In the Sept 12, 2012 Empire “My Turn”, DOT’s Southeast Region Director, Albert H. Clough wrote about “Roadside memorials, flashing red crosswalk signals, and flashing yellow arrows.” He started by saying, “Safety is a major part of the Alaska Department of Transportation and Public Facilities (DOT&PF) mission .... and it is a factor in all of our maintenance actions.” I am encouraged by his statement of concern, but would like to see a more proactive response to the scores of other roadway hazards in the Juneau area that have been ignored for too long.
Earlier this year I placed a call to DOT’s SE maintenance, asking when they were going to fix the jarring bridge joint at the Sunny Point overpass that batters northbound traffic on Egan. While I got no direct response to my question of if or when it was to be repaired, I felt somewhat mocked for asking! Message received. I stopped asking and now slow down more when I encounter that abrupt pavement break.
A month later, when the news reported that pavement breaks were being repaired out North Douglas, I called the DOT commissioner’s office and asked, again, that since they were repairing North Douglas, couldn’t they also address the abrupt pavement break at Sunny Point which sees so much more traffic than North Douglas. Mr. Clough returned my call and gave assurances that it definitely was to be repaired in 2014, but that due to the budget, he didn’t know if the pavement break was bad enough to qualify for repair before that ... He said that he would look into it and let me know. I never did hear back from Mr. Clough, but now I read about DOT’s “commitment to safety” and that they will be removing pavement painting “to avoid situations that are distracting to motorists and dangerous,” and “We are responsible for keeping the highways safe, and we have to keep the distractions down to a minimum.”
According to a nationwide study, poorly maintained roadways cost U.S. motorists $67 billion per year in additional repairs and operating costs. For Juneau motorists, the total potential unnecessary repair cost is nearly $6.5 million. The study ranked Alaska dead last for the state with the “Highest Fraction of Roads in Poor or Mediocre Condition.” Nice!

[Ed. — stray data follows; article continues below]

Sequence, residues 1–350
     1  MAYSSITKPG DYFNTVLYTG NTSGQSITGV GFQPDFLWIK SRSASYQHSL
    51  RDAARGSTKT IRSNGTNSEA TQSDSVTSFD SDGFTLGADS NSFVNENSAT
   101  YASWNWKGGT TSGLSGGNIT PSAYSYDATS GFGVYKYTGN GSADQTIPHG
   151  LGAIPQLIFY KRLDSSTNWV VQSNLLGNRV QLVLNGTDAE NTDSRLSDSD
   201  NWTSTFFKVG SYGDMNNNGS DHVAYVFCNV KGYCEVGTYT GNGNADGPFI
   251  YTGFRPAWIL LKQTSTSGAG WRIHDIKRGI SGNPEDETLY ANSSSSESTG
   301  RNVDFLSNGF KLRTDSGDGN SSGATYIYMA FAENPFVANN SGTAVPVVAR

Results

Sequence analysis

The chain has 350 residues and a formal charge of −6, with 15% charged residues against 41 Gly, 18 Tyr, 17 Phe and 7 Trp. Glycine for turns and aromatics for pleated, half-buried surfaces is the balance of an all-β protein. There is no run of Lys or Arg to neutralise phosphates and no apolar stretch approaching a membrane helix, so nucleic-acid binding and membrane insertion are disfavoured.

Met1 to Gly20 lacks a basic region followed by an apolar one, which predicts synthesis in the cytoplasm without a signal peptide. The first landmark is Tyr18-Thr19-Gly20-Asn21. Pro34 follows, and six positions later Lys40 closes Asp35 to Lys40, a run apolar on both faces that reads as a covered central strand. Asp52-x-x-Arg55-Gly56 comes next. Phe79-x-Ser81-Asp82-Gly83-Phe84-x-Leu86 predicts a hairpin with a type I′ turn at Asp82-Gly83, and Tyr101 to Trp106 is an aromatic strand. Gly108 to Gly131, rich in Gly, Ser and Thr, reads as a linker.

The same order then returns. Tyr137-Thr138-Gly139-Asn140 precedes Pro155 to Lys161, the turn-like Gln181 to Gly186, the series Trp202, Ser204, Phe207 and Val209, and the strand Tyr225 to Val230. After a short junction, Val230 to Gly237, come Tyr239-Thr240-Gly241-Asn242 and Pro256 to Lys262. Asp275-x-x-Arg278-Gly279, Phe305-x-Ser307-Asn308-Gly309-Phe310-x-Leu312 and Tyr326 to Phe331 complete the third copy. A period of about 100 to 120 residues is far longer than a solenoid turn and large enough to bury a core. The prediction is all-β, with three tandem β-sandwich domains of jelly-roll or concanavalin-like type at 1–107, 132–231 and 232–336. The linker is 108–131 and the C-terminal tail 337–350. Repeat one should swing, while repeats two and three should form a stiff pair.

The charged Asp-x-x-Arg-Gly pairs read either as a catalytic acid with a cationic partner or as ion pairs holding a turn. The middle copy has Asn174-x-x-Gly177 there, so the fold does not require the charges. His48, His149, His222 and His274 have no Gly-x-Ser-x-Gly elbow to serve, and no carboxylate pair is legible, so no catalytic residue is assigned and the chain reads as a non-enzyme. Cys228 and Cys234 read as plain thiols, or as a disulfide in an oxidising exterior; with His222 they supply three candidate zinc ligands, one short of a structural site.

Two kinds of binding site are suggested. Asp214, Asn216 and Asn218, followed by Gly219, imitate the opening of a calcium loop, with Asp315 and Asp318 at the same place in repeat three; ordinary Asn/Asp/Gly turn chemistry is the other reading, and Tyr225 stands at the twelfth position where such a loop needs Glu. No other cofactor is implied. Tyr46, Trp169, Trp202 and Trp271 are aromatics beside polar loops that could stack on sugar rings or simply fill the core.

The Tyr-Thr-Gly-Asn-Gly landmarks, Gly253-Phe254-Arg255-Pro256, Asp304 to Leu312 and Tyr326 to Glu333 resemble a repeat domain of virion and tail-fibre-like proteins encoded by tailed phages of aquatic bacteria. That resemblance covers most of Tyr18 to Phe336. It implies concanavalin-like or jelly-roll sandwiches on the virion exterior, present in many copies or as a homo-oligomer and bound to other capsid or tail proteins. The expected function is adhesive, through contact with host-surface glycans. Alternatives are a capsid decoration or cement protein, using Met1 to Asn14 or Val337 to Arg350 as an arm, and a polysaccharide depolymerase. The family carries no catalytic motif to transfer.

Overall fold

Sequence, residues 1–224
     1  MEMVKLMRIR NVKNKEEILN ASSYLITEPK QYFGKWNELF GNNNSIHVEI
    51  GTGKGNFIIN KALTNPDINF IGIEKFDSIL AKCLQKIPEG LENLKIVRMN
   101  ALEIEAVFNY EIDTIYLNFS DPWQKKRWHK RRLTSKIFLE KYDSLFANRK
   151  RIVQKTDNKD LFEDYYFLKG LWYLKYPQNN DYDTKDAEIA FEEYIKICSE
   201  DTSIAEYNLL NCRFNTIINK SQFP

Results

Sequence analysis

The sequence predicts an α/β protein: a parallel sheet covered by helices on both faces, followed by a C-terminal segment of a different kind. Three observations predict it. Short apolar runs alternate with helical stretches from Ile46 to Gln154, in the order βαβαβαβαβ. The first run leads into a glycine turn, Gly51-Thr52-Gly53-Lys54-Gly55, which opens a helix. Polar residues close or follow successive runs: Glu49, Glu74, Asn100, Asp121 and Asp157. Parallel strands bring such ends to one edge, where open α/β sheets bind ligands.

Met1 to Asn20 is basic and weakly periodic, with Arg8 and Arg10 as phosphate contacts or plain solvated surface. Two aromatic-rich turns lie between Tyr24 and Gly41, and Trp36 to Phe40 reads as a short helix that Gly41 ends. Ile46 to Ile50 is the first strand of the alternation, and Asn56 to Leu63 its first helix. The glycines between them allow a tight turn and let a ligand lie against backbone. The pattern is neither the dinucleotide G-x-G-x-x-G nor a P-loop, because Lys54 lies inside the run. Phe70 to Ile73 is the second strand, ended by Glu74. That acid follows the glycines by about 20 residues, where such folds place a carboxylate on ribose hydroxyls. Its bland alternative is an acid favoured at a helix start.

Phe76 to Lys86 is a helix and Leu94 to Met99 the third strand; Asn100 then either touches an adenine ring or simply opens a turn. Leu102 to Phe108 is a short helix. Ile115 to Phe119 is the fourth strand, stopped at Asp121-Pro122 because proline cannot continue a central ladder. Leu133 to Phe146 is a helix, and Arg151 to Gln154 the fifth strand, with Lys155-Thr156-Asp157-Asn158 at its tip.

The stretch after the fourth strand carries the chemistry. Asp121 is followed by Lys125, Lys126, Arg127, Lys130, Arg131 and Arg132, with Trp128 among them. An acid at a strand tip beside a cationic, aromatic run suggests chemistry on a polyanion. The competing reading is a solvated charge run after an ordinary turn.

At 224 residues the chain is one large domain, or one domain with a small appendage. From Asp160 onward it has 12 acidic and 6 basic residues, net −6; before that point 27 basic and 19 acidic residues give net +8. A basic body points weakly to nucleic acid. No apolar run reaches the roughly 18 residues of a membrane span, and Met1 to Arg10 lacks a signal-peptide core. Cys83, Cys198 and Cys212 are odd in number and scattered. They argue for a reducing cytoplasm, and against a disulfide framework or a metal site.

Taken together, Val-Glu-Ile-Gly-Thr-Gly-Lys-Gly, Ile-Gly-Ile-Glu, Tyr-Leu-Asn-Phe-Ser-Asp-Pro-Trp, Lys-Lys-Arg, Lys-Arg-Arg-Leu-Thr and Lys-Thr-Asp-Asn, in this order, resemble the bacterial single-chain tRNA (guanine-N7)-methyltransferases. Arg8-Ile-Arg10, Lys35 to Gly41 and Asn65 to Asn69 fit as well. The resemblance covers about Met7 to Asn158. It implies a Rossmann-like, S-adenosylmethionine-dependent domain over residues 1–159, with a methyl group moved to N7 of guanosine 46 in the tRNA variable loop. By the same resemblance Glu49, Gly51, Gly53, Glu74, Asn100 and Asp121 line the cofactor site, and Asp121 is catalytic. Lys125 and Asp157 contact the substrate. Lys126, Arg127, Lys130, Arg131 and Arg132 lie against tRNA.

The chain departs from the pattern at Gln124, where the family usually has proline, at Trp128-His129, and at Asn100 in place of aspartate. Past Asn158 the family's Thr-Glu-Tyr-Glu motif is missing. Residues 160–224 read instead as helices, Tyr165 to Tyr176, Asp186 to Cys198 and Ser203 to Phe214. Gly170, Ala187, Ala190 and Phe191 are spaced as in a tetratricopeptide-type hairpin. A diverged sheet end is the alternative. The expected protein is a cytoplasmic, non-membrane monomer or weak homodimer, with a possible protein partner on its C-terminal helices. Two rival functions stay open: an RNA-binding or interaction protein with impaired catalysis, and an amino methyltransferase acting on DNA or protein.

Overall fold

During construction, it was estimated that due to the weight of the fill on the wetlands, we should expect the Sunny Point roadway to settle up to 9 inches in relation to the bridge abutments, and therefore periodic adjustments would need to be made. Since project completion, adjustments have been made at least once and it is obviously time to do it again. DOT had the time and money to repave part of their parking lot at Seven Mile this summer, yet has rigorously ignored not only the road hazard mentioned above but numerous others. Motorists routinely swerve, hug the centerline and straddle fog lines to miss pot holes, standing water and failed asphalt joints. They struggle to recover when their vehicle is pulled to one side by deteriorated pavement joints. If “distractions” are important, how about replacing the missing roadway reflectors? I sympathize with motorcycle riders who are especially endangered by such hazards.
DOT has long practiced the “Reactive” rather than “Proactive” model of roadway maintenance. Random, cursory roadway repairs may be attempted, but more needs to be done. According to this same study, it costs a dollar to keep a road in good condition for every $7 you’d have to spend to reconstruct it. If “Safety is a major part of DOT&PF’s mission,” I cannot think of any logical reason for them to so completely disregard it.
Since the roadside memorial has awakened DOT leadership to the need for removing distractions, I hope that they will apply the same standards to the other long neglected roadway deterioration in Juneau and see to it that as many “distractions” as possible can be repaired prior to our dark and much more dangerous winter driving conditions, coming soon.
• Danner is a third generation Juneauite and a retired chief engineer with 32 years of mostly enjoyable experience with DOT & AMHS.